posted by wander on Mar 13, 2007 - 15 comments

In Mission Control, while the loss of signal was a cause for concern, there was no sign of any serious problem

Four years ago today the Space Shuttle Columbia disintegrated shortly upon reentry. Here is a sad, but, fascinating real time video recreation of the final moments, compiled from various sources including Nasa radio transmissions.
posted by ae4rv on Feb 1, 2007 - 27 comments

The original Neil Armstrong tape

If you thought the video of Neil Armstrong setting foot on the Moon was rather blurry, it might interest you to know that this was never broadcast as well as it could have been. The original video quality was much better. You can't view the original video today, because NASA has lost the bleepin tape. Nobody seems to care, but the guys who once made the transmission possible are looking for it. An Australian minister is on their side. If the tape hasn't been accidentally degaussed, there's only one machine left that is able to read it.
posted by Termite on Jan 11, 2007 - 19 comments

Moonbase: Alpha

NASA Plans Permanent Moonbase. The base, a potential stepping stone for further Mars exploration, will likely be situated near one of the poles. The advantages of a polar site (pdf) include a relatively moderate climate, possible hydrogen and oxygen resources, unexplored terrain and abundant solar power. They have apparently abandoned plans to use nuclear reactors, which is probably for the best.
posted by justkevin on Dec 4, 2006 - 137 comments

Staring At The Sun

The Solar Optical Telescope (SOT), an advanced telescope onboard the Hinode satellite, was launched into space by the Japanese Aerospace Exploration Agency on September 22, 2006. On October 23, the SOT opened its protective doors and began taking pictures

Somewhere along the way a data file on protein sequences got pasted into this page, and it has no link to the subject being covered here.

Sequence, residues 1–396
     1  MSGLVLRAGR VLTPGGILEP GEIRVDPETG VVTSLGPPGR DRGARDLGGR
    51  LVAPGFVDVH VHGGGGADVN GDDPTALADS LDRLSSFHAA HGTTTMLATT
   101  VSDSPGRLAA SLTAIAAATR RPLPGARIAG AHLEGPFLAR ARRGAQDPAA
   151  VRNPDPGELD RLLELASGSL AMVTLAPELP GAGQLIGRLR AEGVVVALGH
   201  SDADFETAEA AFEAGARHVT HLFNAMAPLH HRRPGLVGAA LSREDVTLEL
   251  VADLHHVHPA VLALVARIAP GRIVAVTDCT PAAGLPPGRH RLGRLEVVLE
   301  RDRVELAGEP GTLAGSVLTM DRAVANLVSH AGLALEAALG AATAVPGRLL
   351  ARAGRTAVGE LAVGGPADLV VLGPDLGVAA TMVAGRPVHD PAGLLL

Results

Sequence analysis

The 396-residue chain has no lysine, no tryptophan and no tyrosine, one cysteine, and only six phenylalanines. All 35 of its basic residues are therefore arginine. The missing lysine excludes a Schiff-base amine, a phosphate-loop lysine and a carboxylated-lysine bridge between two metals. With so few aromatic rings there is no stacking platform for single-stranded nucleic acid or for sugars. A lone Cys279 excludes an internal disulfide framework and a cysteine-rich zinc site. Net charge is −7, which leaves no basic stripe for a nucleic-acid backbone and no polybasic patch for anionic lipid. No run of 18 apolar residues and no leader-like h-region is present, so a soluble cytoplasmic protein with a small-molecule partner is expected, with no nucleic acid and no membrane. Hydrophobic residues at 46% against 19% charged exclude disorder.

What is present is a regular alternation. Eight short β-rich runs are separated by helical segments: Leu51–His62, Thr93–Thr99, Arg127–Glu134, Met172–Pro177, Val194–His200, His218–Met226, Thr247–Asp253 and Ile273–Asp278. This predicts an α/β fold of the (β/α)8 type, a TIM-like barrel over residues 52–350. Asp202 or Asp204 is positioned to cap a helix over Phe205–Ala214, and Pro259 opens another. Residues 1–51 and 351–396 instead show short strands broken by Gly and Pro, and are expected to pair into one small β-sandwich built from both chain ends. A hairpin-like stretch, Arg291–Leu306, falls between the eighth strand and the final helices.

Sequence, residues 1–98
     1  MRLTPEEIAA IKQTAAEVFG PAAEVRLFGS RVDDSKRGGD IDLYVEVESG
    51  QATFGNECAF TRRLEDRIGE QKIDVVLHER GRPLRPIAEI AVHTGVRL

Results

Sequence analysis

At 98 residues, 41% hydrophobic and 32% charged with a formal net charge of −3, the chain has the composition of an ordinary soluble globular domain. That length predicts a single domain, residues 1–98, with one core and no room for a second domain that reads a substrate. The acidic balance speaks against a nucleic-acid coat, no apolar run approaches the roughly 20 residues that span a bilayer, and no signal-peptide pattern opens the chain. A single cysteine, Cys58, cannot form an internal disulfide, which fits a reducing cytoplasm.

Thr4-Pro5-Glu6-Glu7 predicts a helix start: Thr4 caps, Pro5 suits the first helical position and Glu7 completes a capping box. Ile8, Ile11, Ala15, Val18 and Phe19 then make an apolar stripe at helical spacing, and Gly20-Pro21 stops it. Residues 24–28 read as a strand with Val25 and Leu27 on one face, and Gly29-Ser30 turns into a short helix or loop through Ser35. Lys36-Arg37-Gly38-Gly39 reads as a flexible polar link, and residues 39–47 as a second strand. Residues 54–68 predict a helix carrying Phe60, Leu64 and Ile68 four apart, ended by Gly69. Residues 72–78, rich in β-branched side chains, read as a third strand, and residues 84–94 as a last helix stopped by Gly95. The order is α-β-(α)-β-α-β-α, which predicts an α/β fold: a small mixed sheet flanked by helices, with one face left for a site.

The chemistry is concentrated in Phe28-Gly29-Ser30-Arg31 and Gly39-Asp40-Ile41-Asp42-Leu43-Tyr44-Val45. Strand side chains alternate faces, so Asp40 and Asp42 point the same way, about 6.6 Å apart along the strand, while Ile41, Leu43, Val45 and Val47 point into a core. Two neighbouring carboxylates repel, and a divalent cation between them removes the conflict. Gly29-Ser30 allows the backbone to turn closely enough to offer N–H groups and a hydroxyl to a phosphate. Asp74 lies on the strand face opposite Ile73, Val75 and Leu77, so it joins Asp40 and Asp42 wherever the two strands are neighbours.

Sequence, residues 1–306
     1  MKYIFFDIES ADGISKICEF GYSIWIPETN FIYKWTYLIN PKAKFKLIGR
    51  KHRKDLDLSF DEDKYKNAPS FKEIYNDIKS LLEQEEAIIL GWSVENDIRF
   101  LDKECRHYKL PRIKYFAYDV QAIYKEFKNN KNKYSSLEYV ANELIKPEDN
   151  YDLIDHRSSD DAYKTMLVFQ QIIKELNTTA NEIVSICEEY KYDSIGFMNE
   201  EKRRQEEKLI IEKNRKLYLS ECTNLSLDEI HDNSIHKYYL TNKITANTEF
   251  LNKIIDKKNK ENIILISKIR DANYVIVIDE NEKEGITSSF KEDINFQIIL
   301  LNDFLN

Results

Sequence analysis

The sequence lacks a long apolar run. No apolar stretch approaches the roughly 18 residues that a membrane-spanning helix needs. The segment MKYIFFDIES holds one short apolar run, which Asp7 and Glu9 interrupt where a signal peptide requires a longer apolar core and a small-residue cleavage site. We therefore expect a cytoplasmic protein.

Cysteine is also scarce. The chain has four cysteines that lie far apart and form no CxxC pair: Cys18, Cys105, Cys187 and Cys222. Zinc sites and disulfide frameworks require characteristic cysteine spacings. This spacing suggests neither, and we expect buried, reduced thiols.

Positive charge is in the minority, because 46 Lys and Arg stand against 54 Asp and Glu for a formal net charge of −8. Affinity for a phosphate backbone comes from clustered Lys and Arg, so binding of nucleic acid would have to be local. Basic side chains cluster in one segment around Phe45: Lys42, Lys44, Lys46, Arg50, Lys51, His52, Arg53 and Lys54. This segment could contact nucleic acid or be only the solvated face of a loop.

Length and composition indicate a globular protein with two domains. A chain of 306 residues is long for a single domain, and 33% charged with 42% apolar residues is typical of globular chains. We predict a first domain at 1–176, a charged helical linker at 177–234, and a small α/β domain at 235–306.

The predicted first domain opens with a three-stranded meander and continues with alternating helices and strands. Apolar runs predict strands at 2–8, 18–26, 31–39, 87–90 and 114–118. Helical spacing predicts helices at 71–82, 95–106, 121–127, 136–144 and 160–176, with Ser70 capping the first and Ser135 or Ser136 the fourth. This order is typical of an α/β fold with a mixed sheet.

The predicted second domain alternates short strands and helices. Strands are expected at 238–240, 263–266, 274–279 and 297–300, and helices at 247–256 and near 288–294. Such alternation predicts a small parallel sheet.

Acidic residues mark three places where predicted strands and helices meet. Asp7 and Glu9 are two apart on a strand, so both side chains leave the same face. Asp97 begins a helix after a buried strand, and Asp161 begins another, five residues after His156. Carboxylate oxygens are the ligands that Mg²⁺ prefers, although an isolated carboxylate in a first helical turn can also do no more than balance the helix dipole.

posted by Drunken_munky on Nov 2, 2006 - 11 comments

In space, no one can hear you say "cheese".

The Gateway to Astronaut Photography of Earth. Over half a million photographs of Earth taken from orbit by astronauts, from 1961 through the present. The ability of the astronauts to rapidly identify interesting phenomena allows them to capture events as they occur, like volcanic eruptions, floods, and hurricanes, or take advantage of the angle of the sun to highlight specific features, like the pyramids or Mount Everest.
posted by Gamblor on Sep 21, 2006 - 14 comments

When you touch down/You'll find that it's stranger than known

300 Miles High
posted by Blazecock Pileon on Jul 17, 2006 - 18 comments

Discovery flies!

Rocket's red glare! STS-121 lifts of successfully on the Forth of July, on a mission to deliver equipment, supplies and an additional crewmember to the International Space Station. Said Wayne Hail, Shuttle Program Manager, "Great nations dare great things and take risks along the way, and I can think of no better way to explore the space frontier than the way we set out today." Photos - Videos
posted by BeerFilter on Jul 4, 2006 - 36 comments

Virtual tour of Cape Canaveral.

A fairly comprehensive tour of what's left of the historic Cape Canaveral Air Force Station.
posted by loquacious on Jul 2, 2006 - 4 comments

Golf in spaaaaaaaaaaaace!

Though not the first time golf has been played in space, Russian cosmonauts are still planning to go ahead with the world's longest drive (3-4 years in orbit) from the International Space Station, as sponsored by the golf company Element 21 [link is to a rather neat CGI video of the shot, in wmv format. Coral Cache version.] The only problem -- it might hit the space station with the force of a 6.5 ton truck moving at 60 mph, though others are more worried about what the stunt means for the space program.
posted by blahblahblah on May 24, 2006 - 15 comments

Convert moon rocks to oxygen and other ways to earn $250,000